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14 Jun 2018

Last week saw incorrect advice provided through the Department of Human Services AskMBS line go viral, suggesting that GPs could not bill the MBS when administering a National Immunisation Program supplied vaccine.

While AMA President, Dr Tony Bartone, moved to quickly reassure GPs on social media that long-standing arrangements under the MBS had not changed, the AMA immediately asked the Department of Health to issue a statement to remove any doubt. In this regard, the advice issued by the Department is detailed below in italics:

Where a medical practitioner administers an injection for immunisation purposes on his or her own patient, Medicare benefits for that service would be payable on a consultation basis, that is, for the attendance at which the injection is given. However, the cost of the vaccine itself does not attract a Medicare rebate. The Medicare benefits arrangements cover only the professional component of the medical practitioner's service.

A number of examples were provided by the Department that further clarify the topic:

Example 1

A patient presents to a GP to receive the influenza vaccination. The patient is not in the cohort of patients which is covered for the influenza vaccine under the NIP.

After taking a short patient history, the GP administers the vaccine to the patient. The GP has met the requirements of a level A consultation and claims item 3. The GP can bulk bill the patient for the cost of the MBS service and can charge a separate amount for the cost of the vaccine, which is not covered under the NIP.

If a patient presented to a GP to receive a vaccine and to enquire about a medical condition, the GP may claim the appropriate item (such as item 23).

Example 2

A patient presents to a GP to receive the influenza vaccination. The patient is in the cohort of patients which is covered for the influenza vaccine under the NIP.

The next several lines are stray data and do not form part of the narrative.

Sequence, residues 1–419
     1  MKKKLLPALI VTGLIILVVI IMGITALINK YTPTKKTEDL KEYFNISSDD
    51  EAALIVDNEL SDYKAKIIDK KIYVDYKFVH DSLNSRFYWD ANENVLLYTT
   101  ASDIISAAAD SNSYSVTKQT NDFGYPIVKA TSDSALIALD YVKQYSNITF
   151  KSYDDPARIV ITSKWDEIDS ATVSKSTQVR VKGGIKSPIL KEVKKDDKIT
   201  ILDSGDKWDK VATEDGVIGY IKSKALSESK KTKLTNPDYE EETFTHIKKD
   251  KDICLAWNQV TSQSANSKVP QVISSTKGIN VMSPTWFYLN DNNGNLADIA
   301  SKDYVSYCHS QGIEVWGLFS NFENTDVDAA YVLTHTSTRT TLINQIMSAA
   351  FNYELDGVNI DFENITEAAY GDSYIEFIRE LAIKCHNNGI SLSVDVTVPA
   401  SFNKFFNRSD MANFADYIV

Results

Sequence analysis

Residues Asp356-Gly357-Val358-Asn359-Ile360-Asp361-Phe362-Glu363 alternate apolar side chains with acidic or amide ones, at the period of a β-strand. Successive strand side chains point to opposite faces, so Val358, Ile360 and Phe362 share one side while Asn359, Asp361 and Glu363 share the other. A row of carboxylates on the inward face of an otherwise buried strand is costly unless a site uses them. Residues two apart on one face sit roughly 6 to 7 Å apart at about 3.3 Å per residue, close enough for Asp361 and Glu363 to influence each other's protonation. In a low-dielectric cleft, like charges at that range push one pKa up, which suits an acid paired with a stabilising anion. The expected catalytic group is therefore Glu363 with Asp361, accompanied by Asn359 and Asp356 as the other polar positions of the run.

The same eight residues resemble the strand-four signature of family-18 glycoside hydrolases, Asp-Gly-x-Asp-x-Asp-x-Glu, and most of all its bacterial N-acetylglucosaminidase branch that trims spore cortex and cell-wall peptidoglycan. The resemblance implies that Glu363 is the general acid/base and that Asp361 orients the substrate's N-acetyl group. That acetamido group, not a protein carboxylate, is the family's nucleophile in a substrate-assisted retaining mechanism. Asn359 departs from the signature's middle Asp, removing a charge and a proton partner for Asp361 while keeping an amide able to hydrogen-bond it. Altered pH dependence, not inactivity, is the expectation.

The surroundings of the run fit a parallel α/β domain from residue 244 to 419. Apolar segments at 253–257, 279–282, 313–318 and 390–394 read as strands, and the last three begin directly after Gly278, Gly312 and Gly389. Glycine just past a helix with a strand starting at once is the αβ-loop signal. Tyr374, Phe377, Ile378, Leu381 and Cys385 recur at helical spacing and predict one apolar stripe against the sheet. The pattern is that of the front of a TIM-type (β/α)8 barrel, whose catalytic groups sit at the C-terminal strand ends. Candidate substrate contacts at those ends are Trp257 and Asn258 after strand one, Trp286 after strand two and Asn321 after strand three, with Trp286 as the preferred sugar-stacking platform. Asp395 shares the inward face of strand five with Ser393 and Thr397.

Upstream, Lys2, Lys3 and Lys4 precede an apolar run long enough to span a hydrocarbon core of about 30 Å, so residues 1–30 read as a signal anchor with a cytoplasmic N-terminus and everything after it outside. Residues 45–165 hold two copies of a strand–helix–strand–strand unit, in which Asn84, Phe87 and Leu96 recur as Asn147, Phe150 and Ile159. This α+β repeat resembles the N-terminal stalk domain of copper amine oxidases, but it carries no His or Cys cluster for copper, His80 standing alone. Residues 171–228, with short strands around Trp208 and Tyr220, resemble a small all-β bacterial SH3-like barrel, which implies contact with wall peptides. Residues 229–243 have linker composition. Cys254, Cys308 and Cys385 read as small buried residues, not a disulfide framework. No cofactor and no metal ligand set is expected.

After taking a short patient history, the GP administers the vaccine to the patient. The GP has met the requirements of a level A consultation and claims item 3. The GP can bulk bill the patient but does not need to charge a separate amount for the cost of the vaccine, which is covered under the NIP.

If a patient presented to a GP to receive a vaccine and to enquire about a medical condition, the GP may claim the appropriate item (such as item 23).

Example 3

A GP is employed by a State or Territory community health centre to administer vaccines and provides no additional medical services.

A Medicare benefit is not payable as the GP is providing the service under an arrangement with the State or Territory, which is prohibited under subsection 19(2) of the Health Insurance Act 1973. The service is also prohibited on the basis that it is a mass immunisation which is prohibited under subsection 19(4).

The AMA remains concerned about the veracity of the advice being provided to health care professionals and will be raising this issue further with both Departments.


Published: 14 Jun 2018